We will present our latest findings from the Women's Health Initiative, a large, prospective cohort of postmenopausal women, on the associations of dietary factors (e.g., fried foods) and body shape (e.g., normal weight central obesity) with risk of death from all causes, cardiovascular disease and cancer. In summary, we found that women who consumed fried foods ≥1 serving/day had 11% higher risk of all-cause mortality compared with women who did not consume fried foods.
We also found that women with normal weight central obesity had 34% higher risk of all-cause mortality than women who were overweight but with a normal waist-to-hip ratio. These findings provided evidence for registered dietitian nutritionists, and other health professionals to inform their consultation with clients on healthier lifestyles.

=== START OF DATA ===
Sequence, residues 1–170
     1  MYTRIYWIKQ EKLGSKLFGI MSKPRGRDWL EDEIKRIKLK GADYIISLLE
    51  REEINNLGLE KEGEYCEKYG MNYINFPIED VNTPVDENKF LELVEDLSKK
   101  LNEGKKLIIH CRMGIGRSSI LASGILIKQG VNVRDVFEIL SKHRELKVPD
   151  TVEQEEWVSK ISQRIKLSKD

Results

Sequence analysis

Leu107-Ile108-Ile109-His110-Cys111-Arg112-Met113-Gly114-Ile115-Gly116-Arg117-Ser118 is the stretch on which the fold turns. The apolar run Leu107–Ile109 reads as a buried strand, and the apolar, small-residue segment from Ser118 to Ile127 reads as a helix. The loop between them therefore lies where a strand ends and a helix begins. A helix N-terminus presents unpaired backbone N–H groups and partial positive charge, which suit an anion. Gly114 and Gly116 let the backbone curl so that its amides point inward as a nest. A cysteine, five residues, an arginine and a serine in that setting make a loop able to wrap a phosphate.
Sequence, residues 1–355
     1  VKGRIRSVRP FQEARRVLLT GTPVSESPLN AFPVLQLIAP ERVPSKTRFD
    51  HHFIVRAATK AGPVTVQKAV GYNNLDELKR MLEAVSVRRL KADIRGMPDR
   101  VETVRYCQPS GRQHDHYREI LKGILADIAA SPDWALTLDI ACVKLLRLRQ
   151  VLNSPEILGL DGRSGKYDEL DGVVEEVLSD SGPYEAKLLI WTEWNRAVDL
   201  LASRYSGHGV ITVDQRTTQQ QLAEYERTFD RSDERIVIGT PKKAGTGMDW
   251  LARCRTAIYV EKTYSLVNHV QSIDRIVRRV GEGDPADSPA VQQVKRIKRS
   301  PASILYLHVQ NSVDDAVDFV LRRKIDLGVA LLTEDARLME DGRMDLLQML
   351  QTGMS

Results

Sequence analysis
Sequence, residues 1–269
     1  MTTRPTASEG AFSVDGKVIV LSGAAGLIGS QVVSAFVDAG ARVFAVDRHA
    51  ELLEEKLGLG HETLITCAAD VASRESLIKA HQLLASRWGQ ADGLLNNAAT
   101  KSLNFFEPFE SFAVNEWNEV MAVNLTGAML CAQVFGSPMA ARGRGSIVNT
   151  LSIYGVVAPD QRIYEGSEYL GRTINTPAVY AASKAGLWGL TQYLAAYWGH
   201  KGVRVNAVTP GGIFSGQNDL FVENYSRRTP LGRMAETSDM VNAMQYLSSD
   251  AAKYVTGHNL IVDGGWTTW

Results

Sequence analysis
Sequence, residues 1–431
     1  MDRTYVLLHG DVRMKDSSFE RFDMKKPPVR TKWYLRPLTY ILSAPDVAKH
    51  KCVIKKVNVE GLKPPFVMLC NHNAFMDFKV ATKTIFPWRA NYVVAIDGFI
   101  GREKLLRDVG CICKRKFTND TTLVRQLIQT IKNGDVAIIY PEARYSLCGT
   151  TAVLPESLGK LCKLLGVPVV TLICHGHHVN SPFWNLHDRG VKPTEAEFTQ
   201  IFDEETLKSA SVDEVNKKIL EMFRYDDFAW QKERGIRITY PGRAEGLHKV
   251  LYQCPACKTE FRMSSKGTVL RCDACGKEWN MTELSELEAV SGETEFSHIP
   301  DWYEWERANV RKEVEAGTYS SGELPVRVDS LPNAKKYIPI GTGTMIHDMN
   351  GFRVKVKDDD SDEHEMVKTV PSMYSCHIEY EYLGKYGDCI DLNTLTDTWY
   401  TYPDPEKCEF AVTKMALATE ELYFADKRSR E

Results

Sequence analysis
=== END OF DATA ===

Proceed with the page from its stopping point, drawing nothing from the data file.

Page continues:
- Define the current knowledge and challenges in identifying major risk factors of death from all-causes, cardiovascular disease and cancer
- Identify dietary factors that may affect the risk of all-cause mortality and cause-specific mortality among women
- Demonstrate how waist-to-hip ratio or waist circumference interact with normal weight to affect the risk of all-cause mortality and cause-specific mortality among women
Yangbo Sun, MD, PhD
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